One of the sales pitches that caught my ear was that there is no service required apart from tires and break changes, obviously with the caveat that the combustion engine in the REx needs servicing. If you consider that with the regenerative braking system much less breaking is required in traffic, resulting in longer lasting braking system.

The sales team was very knowledgeable and provided lots of detail on the car, but I would advise anyone that plans to purchase an EV to do their own homework also and ask relevant questions. For instance, does the package you purchase include fast charging, or is it optional? The BMW WallBox is also optional, BMW provides an assessment of your residents electrical system, which I will highly advise, but the WallBox comes with a high price tag. When I plugged the LV1 charger in my garage plug it tripped the electricity, after which I had to relay power from a plug point with higher amperage inside the house.

With the great tech included in the vehicle, the sales process is not just a “take the key and leave” affair. Connecting the vehicle to the BMW ConnectedDrive system unlocks a whole range of benefits and features. You can send reminders to buy milk or flowers from your laptop to your car or even active the horn, for what purpose I honestly don’t know. Back at my PC after showing the vehicle to some colleagues I was informed by the ConnectedDrive system that the passenger door was still unlocked. Comforts managed through the APP include Preconditioning, acclimatizing the vehicle for your preset departure time.

Through incorporating some gamification elements the APP measures your driving efficiency and compares it to the broader BMW i3 community, which leads to one’s natural competitive spirit kicking in, thereby successfully altering your bad driving habits. I actually ended up altering my route to suit the battery and become more efficient (I will explore battery management and increasing range in a separate post this week).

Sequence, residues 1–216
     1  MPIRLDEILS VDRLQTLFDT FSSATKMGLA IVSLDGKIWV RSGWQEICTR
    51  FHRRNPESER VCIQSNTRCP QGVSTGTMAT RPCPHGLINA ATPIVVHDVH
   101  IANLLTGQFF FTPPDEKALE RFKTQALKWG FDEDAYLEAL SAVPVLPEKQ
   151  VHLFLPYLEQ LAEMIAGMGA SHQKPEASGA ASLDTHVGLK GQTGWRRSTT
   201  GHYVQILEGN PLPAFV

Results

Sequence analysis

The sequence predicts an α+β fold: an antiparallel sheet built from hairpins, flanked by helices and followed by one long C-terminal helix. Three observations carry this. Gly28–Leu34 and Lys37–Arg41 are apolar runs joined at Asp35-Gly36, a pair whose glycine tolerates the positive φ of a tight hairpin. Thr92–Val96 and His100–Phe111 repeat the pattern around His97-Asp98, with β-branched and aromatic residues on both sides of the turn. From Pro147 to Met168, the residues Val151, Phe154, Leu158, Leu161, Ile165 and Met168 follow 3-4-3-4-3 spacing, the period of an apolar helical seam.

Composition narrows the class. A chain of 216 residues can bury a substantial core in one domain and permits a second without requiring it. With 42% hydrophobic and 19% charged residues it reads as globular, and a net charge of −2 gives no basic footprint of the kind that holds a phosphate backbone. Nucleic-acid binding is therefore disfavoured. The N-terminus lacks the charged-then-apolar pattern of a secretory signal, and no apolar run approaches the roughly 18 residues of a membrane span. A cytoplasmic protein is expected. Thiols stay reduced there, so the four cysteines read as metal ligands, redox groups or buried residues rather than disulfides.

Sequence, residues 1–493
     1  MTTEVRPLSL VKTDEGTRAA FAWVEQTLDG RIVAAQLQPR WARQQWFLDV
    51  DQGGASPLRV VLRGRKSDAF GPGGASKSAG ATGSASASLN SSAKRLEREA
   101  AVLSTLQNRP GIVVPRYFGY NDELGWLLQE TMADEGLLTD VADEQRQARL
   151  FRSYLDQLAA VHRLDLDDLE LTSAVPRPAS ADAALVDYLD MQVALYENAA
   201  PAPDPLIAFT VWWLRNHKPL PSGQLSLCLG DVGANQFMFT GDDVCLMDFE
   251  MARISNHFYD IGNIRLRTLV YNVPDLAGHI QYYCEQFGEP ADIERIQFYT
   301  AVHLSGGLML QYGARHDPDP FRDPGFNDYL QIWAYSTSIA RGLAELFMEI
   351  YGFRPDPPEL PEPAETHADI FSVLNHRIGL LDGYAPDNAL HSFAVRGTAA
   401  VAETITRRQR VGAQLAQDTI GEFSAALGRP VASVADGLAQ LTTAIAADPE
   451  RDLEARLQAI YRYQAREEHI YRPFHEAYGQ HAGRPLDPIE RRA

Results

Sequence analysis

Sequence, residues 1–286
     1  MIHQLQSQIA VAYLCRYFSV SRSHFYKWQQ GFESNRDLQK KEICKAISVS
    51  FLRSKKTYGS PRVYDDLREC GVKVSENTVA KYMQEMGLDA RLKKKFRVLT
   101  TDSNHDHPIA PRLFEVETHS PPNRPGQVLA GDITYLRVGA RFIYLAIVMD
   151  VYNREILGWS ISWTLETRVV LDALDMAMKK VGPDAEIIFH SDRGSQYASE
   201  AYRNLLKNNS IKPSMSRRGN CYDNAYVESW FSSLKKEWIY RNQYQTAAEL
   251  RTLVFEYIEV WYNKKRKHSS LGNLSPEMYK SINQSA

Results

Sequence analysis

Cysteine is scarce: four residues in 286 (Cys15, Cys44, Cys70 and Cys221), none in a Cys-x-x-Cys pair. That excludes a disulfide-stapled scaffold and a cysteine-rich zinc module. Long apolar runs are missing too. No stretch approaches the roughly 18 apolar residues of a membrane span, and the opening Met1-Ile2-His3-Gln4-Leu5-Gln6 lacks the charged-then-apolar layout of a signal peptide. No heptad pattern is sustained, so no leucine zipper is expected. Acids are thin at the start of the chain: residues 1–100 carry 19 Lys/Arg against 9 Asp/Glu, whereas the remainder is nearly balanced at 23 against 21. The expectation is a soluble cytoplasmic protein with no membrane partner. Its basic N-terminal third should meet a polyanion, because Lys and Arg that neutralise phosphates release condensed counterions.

There are small technical things to take note of and get used to when driving the BMW i3 REx, like only being able to engage the range-extending mode once the battery’s state of charge (SOC) reaches 75%. A surprising thing is that you are not able to install a vehicle tracking system. However with all the connectedness I believe finding the car would be very much like “Find My iPhone”. Opening the fuel tank also requires a certain sequence due to the fire danger associated with the lithium batteries.

I can conclude that my first impressions of the BMW i3 and EV’s are lasting impressions, of the good kind. I already dread the day when I have to go back to a “normal” car. At least I can look forward to a couple of more days with the BMW i3.

 

Wynand Goosen

Wynand Goosen

Contributor

Wynand studied his MBA in San Francisco where he was exposed to the fields of Service Science, Gamification, and Renewables, which he combined to create wattEV2buy and the award winning web app Ekoguru. Wynand is an energy storage expert and has modeled, designed and presented various solutions utilizing lithium-ion and other electrochemical technologies. In his spare time, Wynand is the author of a children’s book series and started a new project called “Career 180”.

Range Anxiety

Range Anxiety

Range anxiety is probably the most common hurdle to overcome for all new Electric Vehicle (EV) owners or prospective owners. Terms like “bricking”, used when your EV is as useful as a brick when running out of energy on the highway springs to mind. Well, I can certainly attest to the fear associated with range anxiety. I am test-driving my first EV next week, an awesome BMW i3, sponsored by the friendly folks at Forsdicks BMW Tygervalley.